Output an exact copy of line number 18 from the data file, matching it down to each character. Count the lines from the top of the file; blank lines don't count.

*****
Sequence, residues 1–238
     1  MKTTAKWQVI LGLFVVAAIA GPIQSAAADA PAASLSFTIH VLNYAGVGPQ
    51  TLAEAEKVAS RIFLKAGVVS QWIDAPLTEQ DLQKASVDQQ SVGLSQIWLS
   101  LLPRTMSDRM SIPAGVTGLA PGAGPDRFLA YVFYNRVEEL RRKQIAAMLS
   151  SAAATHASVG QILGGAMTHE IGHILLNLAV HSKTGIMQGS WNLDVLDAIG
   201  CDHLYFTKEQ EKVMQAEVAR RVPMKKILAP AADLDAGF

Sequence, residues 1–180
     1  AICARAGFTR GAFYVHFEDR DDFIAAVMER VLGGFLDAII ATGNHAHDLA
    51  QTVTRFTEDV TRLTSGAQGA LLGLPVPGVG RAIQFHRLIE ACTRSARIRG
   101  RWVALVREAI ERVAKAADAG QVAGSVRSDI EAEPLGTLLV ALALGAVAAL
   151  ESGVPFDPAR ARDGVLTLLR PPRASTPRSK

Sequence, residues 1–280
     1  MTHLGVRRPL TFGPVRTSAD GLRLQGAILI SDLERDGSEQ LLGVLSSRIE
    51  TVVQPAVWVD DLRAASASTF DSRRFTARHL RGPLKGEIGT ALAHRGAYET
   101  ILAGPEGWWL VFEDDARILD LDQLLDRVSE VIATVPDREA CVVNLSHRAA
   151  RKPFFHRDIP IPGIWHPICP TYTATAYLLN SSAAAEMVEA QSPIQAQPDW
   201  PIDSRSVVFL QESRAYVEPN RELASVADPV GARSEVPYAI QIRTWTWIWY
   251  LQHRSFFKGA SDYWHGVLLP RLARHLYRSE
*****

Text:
   251  LQHRSFFKGA SDYWHGVLLP RLARHLYRSE